LCRI’s Dr Vincent Barrioz is a member of the SPARC team based in the Centre for Solar Energy Research with Glyndŵr University. He specialises in researching innovations in thin film solar photovoltaics.
A Thin Film PV (photovoltaic) cell is made up of a substrate –for example, a sheet of glass – that is coated with very thin layers of semiconductor materials. This allows the cell to convert solar radiation into electricity. Originally used in tiny strips to power calculators, thin film photovoltaic cells are now being produced in much larger modules to harness renewable energy from the sun.
The material and manufacturing process is very important, as the cells need to be light in weight, and as efficient as possible, whilst also being cheap and relatively easy to produce. The current thin film solar PV efficiency world record stands at roughly 19%, which means that the most efficient solar PV cell, made of cadmium telluride, can convert 19% of solar radiation into electricity.
There are various processes used to coat the substrate with the photovoltaic materials, and one of them is the MOCVD (metalorganic chemical vapour deposition) method. In essence, the thin PV cells pass through a reaction zone, forming parts on an assembly line. They are coated with various chemical elements, and then pass through a contained zone filled with gases. Within this zone, chemical reactions take place and thin layers of photovoltaic material are deposited on each cell.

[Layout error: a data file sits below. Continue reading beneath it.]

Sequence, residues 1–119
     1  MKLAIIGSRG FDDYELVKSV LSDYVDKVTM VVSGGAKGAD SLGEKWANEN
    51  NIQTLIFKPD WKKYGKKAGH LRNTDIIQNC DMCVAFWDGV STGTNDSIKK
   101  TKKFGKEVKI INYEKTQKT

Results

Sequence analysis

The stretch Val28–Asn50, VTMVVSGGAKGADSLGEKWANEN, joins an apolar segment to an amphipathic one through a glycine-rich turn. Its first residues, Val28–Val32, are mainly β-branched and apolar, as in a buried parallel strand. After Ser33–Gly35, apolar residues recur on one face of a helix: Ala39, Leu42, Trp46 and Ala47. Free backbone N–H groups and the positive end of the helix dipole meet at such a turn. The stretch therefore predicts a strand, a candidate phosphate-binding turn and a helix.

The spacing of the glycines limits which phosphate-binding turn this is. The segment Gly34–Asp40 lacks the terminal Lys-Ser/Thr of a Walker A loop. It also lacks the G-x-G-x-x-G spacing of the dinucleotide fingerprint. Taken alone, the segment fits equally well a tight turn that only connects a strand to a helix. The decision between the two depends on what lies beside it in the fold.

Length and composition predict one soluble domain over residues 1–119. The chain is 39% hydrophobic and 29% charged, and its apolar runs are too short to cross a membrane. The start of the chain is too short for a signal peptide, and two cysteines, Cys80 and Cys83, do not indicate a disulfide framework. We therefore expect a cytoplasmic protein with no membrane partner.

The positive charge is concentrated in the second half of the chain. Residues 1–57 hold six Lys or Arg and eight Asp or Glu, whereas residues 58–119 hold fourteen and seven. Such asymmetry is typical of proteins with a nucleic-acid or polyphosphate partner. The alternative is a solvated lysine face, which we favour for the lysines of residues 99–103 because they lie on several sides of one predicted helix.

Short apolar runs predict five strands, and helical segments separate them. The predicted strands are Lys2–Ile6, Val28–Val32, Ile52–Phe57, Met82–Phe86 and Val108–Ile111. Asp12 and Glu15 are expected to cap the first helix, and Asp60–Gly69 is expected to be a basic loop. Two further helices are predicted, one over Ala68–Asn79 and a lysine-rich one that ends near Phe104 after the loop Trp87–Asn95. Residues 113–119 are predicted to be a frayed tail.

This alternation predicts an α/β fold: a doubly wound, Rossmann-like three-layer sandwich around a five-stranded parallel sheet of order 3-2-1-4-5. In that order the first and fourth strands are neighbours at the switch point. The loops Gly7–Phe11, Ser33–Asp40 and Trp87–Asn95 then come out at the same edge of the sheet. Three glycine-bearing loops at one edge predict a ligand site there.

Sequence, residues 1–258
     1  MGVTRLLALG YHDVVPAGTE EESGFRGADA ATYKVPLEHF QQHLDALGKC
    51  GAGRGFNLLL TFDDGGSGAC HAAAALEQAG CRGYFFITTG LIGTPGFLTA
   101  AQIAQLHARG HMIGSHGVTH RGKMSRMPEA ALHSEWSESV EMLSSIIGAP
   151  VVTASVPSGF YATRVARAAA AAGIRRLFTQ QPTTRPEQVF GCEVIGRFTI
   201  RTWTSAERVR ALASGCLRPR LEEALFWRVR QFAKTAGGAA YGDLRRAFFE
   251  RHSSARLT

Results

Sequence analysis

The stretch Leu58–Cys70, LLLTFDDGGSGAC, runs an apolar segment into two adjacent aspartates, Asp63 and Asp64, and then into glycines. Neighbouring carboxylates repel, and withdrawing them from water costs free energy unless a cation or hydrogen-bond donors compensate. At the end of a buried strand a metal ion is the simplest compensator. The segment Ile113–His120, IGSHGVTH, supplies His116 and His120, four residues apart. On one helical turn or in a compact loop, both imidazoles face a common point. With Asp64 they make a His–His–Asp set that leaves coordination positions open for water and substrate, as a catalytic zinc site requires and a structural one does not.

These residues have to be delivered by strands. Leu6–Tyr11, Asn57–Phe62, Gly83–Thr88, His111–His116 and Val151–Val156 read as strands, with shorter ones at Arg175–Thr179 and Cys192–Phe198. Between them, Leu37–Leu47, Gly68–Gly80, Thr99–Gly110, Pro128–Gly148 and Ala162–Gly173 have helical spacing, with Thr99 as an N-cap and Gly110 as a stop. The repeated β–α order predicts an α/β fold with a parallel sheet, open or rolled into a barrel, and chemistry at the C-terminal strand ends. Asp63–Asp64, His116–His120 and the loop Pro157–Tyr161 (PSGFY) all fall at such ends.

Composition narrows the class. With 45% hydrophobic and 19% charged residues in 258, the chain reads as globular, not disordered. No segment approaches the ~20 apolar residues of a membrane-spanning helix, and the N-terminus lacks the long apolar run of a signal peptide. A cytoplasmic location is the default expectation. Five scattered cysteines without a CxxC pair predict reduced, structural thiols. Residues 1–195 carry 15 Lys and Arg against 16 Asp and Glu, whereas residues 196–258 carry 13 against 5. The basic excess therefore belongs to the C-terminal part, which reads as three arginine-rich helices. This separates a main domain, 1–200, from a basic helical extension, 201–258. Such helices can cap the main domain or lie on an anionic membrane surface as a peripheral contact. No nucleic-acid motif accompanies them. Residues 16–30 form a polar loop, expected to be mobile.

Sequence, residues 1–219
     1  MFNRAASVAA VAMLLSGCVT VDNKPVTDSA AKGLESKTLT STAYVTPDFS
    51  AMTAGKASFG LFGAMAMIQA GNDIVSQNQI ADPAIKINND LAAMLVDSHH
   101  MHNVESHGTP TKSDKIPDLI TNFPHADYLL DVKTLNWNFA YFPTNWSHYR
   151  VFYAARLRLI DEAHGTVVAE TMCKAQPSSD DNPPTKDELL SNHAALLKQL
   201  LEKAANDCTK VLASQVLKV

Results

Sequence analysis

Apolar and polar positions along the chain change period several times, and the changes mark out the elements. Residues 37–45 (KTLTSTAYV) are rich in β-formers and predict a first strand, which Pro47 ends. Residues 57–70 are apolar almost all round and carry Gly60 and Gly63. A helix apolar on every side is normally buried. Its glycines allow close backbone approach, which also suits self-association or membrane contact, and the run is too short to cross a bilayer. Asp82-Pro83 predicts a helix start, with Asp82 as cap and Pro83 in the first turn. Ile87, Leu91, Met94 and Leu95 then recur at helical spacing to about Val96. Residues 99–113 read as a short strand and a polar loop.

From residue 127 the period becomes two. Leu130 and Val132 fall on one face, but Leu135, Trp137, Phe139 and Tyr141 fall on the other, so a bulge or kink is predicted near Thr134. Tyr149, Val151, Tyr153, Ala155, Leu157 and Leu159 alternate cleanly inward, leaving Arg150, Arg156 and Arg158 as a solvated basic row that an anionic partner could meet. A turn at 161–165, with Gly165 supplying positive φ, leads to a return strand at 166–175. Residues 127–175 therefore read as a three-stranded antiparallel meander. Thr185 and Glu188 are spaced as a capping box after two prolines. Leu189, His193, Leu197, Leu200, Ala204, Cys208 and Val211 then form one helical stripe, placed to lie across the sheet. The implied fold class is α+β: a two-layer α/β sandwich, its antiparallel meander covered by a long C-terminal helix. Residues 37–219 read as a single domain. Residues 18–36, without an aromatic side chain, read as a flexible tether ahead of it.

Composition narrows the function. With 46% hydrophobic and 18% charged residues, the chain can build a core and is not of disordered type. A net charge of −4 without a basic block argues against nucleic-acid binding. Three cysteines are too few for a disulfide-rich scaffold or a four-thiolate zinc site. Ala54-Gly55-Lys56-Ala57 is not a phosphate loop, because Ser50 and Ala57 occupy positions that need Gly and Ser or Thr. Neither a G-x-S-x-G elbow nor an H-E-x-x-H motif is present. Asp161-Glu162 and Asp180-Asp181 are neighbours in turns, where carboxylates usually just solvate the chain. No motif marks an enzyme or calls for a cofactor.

As part of the SPARC project, Dr Barrioz and his team have been developing an in-line system that will improve the efficiency of the PV cells, increase the speed at which the photovoltaic material is deposited on each cell, and reduce the amount of material required. This will increase the production throughput and decrease the cost of production, whilst maintaining and improving the efficiency of the cells.
Dr Barrioz said “The new chamberless MOCVD system developed by the CSER team offers great potential to develop advanced materials for thin film PV and improve their conversion efficiencies, on rigid or flexible substrates. The LCRI funded SPARC project has been a fantastic opportunity and we are confident that this is the beginning of a successful story for thin film PV manufacture in and for Wales.”
Professor Irvine said “This has been an extremely challenging and exciting project that has taken all the ingenuity of the CSER team and our industrial partner, Scanwel to design and build this in-line system. Its success is testament to their creativity and enthusiasm.”